My revovlers have some sentimental value to me.
One Ruger Super Blackhawk and a Colt SAA once belonged to my late son-in-law, killed in a car wreck in 1979. A Smith & Wesson Model 36 once belonged to a friend of mine, who died a few years ago. Another Model 19 is one I got from another late friend. This gun is one I got at a Memphis BBQ establishment. I went to get my Wednesday BBQ and came home with a Model 19, much to my wife's amusement.
My Ruger .357 Magnum Blackhawk I bought while a young soldier at Camp Roberts, California.
Another Super Blackhawk is the one I made the longest field shot with, a 110 yard shot killing a groundhog in Ohio. ( I was in Ohio at the time.)
Most of my older guns have stories behind them, and looking at the gleaming blue/case hardened colors and exotic wood grips, reminds me of the story.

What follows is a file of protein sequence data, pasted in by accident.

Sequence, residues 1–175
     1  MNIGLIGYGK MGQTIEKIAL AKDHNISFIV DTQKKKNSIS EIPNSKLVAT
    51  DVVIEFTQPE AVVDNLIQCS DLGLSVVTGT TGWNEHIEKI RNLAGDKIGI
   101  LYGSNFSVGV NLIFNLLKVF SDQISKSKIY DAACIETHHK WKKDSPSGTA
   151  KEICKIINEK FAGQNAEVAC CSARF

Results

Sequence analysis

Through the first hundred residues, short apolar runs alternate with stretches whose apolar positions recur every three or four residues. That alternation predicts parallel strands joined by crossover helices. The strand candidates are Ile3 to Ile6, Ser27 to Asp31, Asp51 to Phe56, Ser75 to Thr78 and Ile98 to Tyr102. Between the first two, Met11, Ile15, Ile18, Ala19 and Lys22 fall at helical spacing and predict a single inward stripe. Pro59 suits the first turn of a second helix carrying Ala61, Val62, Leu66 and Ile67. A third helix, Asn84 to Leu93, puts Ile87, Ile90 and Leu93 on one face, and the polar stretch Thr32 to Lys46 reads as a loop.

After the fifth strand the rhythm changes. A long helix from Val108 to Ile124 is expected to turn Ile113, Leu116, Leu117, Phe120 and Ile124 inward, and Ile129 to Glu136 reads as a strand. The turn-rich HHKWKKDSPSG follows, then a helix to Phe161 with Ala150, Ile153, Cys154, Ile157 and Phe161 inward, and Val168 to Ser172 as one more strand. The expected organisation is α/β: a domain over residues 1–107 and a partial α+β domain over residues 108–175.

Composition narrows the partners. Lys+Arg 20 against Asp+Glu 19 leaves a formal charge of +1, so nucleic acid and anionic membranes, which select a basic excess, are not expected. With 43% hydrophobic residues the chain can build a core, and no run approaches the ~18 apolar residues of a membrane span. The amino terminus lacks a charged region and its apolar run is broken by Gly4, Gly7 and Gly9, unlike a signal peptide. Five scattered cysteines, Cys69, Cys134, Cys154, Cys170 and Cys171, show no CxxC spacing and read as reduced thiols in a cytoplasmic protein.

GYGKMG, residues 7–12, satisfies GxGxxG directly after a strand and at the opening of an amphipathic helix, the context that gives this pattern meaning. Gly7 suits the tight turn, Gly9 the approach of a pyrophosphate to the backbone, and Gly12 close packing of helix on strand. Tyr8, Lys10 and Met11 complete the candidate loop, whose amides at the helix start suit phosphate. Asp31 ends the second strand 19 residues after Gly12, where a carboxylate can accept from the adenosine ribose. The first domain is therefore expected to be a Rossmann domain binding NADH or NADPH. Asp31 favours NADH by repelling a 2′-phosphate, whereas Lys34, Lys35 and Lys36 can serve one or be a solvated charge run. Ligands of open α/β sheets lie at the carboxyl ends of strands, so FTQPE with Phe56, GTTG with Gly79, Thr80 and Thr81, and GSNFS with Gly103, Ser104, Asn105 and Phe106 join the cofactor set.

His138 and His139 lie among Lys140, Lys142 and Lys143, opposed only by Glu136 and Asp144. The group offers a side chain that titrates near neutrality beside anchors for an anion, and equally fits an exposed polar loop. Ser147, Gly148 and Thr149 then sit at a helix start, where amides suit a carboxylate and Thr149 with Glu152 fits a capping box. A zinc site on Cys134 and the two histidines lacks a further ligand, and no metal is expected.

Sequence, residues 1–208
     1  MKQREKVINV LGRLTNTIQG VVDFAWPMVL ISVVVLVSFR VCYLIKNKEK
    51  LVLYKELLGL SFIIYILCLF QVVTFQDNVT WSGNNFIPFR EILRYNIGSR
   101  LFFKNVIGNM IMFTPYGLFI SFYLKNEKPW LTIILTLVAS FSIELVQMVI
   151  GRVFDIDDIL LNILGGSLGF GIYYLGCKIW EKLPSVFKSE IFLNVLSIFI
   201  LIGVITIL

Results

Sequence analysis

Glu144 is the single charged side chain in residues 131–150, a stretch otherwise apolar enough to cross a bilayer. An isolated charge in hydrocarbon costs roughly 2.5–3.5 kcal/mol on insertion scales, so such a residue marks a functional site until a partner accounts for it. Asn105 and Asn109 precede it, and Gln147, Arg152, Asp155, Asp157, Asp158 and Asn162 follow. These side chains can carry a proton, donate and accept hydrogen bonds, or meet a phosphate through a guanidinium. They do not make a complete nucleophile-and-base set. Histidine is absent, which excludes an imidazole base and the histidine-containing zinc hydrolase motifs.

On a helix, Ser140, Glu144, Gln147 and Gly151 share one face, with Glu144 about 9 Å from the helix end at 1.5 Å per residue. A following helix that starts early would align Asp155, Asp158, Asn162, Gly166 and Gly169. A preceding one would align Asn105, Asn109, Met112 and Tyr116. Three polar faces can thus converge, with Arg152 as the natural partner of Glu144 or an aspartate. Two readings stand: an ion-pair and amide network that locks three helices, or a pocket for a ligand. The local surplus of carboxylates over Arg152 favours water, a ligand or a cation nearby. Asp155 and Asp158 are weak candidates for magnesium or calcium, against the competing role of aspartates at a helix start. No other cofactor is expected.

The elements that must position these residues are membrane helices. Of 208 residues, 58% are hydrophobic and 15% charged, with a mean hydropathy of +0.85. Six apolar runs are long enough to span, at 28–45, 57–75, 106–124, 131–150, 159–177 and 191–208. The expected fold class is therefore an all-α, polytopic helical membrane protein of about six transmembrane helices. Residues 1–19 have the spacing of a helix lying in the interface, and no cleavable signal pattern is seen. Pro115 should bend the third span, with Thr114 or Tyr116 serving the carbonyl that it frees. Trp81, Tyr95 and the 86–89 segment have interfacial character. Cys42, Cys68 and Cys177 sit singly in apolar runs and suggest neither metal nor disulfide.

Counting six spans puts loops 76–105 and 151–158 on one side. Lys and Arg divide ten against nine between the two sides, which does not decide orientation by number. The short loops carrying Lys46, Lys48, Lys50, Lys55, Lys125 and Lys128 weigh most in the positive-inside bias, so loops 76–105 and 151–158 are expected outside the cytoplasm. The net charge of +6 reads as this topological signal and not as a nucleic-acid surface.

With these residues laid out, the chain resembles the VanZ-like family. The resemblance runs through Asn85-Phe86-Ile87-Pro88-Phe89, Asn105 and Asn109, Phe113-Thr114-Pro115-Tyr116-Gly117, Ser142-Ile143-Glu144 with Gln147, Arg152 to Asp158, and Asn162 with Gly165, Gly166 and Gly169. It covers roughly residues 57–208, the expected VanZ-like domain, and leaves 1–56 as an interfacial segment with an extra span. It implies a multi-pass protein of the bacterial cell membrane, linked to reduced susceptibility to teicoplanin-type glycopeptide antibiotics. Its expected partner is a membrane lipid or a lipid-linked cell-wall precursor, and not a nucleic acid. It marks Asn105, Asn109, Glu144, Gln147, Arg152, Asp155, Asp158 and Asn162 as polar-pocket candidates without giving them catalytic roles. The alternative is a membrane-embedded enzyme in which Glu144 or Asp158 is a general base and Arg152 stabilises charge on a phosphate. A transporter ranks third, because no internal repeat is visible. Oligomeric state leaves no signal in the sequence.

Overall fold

As to my carry gun, its an old three screw Ruger .357 Magnum that had been converted to the transfer bar installation. I bought it, and a second Ruger, from an ad in the paper, for $200 apiece. I fitted both guns with steel grip frames from a Ruger Old Army, removed the transfer bar installation, and sent the 4 5/8" gun to Dave Clements for conversion to .44 Special, and case hardening by Doug Turnbull. Walnut grips from Cary Chapman completed the work.
A couple of years ago I shot off my mouth about the unsuitability of single action revolvers as daily carry guns, and was taken to task for that. Admittedly I had not carried one for such purposes. So, I bought a holster from Bob Mernickle, and have been carrying my .44 ever since.
Last edited by Bob Wright; October 3, 2012 at 06:07 PM.